United States President Donald Trump has announced withdraw of funding from the World Health Organisation.
He also said he would end Hong Kong’s special trade status and suspend visas of Chinese graduate students suspected of conducting research on behalf of their government – escalating tensions with China that have surged during the coronavirus pandemic.
Mr Trump has been expressing anger at the World Health Organisation for weeks over what he has portrayed as an inadequate response to the initial outbreak of the coronavirus in China’s Wuhan province late last year.
The president said in a brief White House announcement that Chinese officials “ignored” their reporting obligations to the WHO and pressured the organisation to mislead the public about an outbreak that has now killed more than 100,000 people in the United States.
“We have detailed the reforms that it must make and engaged with them directly, but they have refused to act,” Mr Trump said.
“Because they have failed to make the requested and greatly needed reforms, we will be today terminating the relationship.”
The US is the largest source of financial support for the WHO and its exit is expected to significantly weaken the organisation.
Mr Trump said the US would be “redirecting” the money to “other worldwide and deserving urgent global public health needs,” without providing specifics.
He said Chinese officials “ignored” their reporting obligations to the WHO and pressured it to mislead the world when the virus was first discovered.
He noted that the U.S. contributes about US$450 million ($674 million) to the world body while China provides about US$40 million ($60 million).
Critics of the administration’s decision to cut funding called it misguided, saying it would undermine an important institution that is leading vaccine development efforts and drug trials to address the COVID-19 outbreak.
“Severing ties with the World Health Organisation serves no logical purpose and makes finding a way out of this public health crisis dramatically more challenging,” said Dr Patrice Harris, president of the American Medical Association.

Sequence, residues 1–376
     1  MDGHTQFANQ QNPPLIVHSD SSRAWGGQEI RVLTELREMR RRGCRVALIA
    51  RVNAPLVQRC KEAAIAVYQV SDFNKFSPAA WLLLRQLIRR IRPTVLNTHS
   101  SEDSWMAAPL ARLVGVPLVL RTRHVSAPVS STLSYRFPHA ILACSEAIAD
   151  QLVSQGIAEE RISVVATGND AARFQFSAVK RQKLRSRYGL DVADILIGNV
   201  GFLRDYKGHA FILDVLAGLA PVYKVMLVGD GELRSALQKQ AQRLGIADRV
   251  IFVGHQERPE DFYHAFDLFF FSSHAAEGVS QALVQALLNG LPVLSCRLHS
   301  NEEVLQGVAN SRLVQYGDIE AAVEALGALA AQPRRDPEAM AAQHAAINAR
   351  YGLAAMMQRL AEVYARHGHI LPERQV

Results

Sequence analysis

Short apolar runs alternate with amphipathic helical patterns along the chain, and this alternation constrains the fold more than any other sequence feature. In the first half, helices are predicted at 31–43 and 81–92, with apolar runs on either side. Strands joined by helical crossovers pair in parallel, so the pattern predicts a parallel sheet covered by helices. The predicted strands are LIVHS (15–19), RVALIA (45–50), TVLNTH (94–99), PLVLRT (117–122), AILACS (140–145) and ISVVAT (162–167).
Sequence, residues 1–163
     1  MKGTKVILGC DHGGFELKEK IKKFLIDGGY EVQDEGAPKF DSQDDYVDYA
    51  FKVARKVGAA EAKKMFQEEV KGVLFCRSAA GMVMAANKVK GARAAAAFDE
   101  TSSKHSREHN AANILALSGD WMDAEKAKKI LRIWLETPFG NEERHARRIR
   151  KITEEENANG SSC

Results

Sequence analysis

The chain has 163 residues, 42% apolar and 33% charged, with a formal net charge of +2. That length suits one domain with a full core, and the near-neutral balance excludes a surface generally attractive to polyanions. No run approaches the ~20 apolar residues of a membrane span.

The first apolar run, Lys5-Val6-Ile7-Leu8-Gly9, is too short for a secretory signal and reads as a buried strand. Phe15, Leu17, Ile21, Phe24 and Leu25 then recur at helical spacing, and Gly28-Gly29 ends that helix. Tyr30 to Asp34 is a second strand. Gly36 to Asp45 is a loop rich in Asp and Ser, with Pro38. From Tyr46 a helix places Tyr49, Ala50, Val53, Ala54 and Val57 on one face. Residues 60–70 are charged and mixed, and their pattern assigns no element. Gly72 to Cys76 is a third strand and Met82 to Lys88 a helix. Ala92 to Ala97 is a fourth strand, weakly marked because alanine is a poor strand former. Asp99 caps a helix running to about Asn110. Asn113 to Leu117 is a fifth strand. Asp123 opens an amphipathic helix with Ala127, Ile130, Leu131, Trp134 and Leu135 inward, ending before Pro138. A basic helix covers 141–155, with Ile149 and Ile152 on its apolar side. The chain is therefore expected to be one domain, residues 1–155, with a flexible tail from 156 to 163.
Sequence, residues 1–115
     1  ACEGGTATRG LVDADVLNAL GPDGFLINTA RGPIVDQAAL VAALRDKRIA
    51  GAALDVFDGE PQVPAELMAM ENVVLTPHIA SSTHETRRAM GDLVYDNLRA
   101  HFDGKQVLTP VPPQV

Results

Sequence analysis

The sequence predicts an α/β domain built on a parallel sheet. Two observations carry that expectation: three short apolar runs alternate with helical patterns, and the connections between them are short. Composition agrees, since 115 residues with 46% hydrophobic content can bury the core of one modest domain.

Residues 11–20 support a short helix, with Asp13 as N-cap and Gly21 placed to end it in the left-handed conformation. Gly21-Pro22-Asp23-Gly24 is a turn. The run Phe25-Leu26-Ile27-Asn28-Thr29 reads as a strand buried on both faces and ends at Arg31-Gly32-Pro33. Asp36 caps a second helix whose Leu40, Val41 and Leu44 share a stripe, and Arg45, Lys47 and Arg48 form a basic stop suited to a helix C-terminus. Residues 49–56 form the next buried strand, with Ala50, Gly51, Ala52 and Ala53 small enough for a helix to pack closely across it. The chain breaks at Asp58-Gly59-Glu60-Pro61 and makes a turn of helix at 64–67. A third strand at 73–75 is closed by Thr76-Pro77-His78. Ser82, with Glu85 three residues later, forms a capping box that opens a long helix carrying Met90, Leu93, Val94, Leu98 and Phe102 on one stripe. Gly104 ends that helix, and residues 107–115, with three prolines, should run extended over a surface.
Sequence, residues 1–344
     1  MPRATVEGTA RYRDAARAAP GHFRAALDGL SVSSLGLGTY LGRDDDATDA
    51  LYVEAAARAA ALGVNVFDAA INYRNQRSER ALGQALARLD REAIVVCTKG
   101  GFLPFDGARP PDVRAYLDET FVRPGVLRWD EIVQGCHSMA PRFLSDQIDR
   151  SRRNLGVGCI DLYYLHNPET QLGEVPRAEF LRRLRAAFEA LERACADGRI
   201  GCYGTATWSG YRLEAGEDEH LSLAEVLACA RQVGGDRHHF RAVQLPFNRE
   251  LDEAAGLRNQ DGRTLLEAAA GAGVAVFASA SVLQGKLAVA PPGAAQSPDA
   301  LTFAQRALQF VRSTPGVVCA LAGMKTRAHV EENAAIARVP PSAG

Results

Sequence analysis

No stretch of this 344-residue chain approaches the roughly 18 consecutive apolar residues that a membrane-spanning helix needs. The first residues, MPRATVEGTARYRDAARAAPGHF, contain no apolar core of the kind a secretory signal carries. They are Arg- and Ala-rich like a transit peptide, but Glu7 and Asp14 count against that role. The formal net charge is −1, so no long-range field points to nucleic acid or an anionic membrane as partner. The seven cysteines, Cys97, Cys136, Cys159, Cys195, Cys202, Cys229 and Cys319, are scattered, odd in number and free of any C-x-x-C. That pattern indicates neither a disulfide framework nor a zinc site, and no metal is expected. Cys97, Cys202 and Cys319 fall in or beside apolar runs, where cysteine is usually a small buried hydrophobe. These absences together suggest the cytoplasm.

US senator Chris Murphy called it a distraction that would “hand over” the organisation to China.
“Leaving castrates our ability to stop future pandemics and elevates China as the world’s go-to power on global health,” said the Connecticut Democrat.
The WHO had no immediate comment.
Officials of the UN agency have not directly addressed a letter that Trump sent to the general director on May 18, warning he would make permanent a temporary freeze on US funding and reconsider US membership unless it committed to “major substantive improvements within the next 30 days”.
That was 11 days ago.
‘DETRIMENTAL TO THE INTERESTS OF THE UNITED STATES’
Tensions over Hong Kong have been increasing for more than a year as China has cracked down on protesters and sought to exert more control over the former British territory.
Mr Trump said the administration would begin eliminating the “full range” of agreements that had given Hong Kong a relationship with the US that mainland China lacked, including exemptions from controls on certain exports.
He said the country’s state department would begin warning US citizens of the threat of surveillance and arrest when visiting the city.
“China has replaced its promised formula of one country, two systems, with one country, one system,” he said.
Mr Trump also said the US would be suspending entry of Chinese graduate students who are suspected of taking part in an extensive government campaign to acquire trade knowledge and academic research for the country’s military and industrial development.
Allowing their continued entry to the country would be “detrimental to the interests of the United States,” Mr Trump said in an order released after the White House announcement.
China seemed to signal in recent days that it was hoping to ease tensions.
Premier Li Keqiang told reporters on Thursday that both countries stood to gain from co-operation, and to lose from confrontation, because their economies have become so interconnected.
“We must use our wisdom to expand common interests and manage differences and disagreements,” Mr Li said.
Still, the country has insisted that its control of Hong Kong is an internal matter and it has disputed that it mishandled the response to the virus.